New York funders sign letter opposing restrictions on donor-advised funds

Capitol Hill.
Capitol Hill.
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Legislation introduced in Congress aims to get donor-advised funds to pay out dollars charitable dollars faster.

New York funders sign letter opposing restrictions on donor-advised funds

They say a proposed federal legislation aiming to speed up giving would stifle it instead.
August 4, 2021

Several foundations and nonprofits in New York have signed on to a letter opposing a federal bill that aims to get donor-advised funds to pay out charitable dollars faster.

Donor-advised funds, also called DAFs, allow people to create accounts for charitable donations – for which they immediately receive tax deductions. There are no requirements that the funds be given out by a certain timeline, which, critics argue, can encourage donors to leave charitable dollars in accounts for years instead of being given away to nonprofits in a timely fashion.

The letter, spearheaded by the Jewish Federations of North America and the Community Foundation Public Awareness Initiative, criticizes legislation introduced by Sens. Angus King of Maine and Charles Grassley of Iowa. The Accelerating Charitable Efforts Act would allow donors to get an immediate tax deduction for putting money into a donor-advised fund if they distribute the charitable dollars within 15 years. Alternatively, donors can contribute to a donor-advised fund that allows them to put off distribution for 50 years. But that means they will not get an immediate tax deduction, though they would be able to still benefit from capital-gains and estate and gift tax savings.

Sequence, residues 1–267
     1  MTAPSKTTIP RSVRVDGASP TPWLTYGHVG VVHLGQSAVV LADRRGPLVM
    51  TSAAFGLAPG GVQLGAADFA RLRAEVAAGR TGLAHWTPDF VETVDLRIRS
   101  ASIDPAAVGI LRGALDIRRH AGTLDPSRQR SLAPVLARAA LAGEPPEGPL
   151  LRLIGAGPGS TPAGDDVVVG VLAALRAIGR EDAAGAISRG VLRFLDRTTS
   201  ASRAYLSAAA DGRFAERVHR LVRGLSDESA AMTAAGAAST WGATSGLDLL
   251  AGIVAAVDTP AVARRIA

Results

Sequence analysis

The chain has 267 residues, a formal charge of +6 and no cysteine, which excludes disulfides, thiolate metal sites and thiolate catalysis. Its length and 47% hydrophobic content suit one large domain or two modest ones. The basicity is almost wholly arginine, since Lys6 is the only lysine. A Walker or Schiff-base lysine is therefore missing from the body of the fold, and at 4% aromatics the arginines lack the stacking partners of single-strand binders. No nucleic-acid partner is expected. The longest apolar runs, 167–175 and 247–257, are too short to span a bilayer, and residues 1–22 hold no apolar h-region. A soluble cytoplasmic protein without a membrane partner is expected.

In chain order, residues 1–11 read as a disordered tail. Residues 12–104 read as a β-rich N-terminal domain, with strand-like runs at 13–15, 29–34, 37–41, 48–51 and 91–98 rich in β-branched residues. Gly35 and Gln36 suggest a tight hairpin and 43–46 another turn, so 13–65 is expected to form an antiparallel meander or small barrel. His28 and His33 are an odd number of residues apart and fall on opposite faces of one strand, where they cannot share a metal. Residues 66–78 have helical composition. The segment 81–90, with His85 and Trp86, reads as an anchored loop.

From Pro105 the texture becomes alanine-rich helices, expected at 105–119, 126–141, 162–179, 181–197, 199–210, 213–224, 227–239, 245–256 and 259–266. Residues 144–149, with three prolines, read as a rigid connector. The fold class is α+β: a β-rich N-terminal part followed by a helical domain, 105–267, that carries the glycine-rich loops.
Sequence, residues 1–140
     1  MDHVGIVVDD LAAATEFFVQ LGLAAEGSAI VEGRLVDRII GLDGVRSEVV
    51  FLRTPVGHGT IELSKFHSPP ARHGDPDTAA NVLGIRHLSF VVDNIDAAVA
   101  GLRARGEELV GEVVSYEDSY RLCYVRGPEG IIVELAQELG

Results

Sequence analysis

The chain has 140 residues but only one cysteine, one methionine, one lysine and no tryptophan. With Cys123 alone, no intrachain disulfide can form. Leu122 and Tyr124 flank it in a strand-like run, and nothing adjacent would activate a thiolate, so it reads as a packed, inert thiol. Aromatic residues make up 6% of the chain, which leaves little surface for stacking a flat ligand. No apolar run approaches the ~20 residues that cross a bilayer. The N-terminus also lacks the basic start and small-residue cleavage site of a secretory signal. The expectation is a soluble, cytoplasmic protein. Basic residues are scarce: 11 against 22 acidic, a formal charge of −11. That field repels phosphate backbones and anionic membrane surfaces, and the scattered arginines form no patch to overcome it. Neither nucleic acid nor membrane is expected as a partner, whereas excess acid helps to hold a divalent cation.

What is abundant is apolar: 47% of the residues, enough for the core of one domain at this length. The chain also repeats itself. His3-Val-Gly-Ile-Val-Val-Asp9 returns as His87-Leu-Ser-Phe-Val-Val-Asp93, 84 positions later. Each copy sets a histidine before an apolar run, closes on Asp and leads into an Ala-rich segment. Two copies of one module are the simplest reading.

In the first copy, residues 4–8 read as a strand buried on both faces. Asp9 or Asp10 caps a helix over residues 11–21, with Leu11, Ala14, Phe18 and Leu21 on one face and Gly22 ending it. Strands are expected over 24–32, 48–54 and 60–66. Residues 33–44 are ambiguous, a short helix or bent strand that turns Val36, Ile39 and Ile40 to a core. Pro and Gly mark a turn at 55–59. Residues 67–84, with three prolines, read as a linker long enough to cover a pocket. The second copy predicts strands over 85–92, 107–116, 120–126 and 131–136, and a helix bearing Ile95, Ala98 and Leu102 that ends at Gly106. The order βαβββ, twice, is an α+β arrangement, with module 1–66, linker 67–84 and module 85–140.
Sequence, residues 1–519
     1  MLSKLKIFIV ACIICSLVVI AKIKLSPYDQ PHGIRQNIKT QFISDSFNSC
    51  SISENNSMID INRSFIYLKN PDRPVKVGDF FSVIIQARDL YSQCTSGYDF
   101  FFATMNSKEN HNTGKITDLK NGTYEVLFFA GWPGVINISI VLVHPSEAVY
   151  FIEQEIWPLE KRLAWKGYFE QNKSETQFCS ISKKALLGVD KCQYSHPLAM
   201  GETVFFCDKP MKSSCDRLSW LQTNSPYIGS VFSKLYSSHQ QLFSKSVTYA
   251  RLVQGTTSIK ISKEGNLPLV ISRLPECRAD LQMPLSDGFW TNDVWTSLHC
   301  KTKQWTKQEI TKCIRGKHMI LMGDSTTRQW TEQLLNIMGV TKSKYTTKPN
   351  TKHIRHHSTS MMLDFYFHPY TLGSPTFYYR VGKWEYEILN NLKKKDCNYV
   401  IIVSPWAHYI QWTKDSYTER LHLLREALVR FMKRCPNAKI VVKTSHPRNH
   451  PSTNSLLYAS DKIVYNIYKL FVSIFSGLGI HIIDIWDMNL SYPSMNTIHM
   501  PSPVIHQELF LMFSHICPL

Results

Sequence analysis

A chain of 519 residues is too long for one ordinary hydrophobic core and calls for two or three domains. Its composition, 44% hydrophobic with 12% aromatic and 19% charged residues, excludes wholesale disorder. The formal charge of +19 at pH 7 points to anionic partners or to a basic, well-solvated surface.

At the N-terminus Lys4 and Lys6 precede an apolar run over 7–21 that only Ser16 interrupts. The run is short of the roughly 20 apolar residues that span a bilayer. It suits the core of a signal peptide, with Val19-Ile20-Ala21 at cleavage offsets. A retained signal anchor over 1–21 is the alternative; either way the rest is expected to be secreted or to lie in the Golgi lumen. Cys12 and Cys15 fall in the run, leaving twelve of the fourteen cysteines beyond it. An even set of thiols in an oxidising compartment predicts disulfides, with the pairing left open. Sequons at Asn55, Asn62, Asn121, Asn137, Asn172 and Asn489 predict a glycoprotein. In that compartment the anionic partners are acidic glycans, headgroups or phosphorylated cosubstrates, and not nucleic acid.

Donor-advised funds managed by community foundations with less than $1 million wouldn’t be affected by these requirements. But those with more than $1 million at community foundations would only be able to receive upfront tax benefits if they pay out 5% of the funds annually or commit to distributing them within 15 years. 

According to the letter’s signatories, the legislation would reduce incentives for donors to use donor-advised funds and result in declines in philanthropic giving. It also points to an analysis from the National Philanthropic Trust that found donor-advised funds in overall paid out about 22% of their assets in 2019, exceeding legal requirements set for private foundations that they must distribute at least 5% of their assets annually.

The New York-based organizations that signed on to the letter include: the Community Foundation for Greater Buffalo, Adirondack Foundation, Long Island Community Foundation and Guardians of the Sick. View the full list of signatories here.

NYN Media reporter Kay Dervesh
Kay Dervishi
is a staff reporter at NYN Media.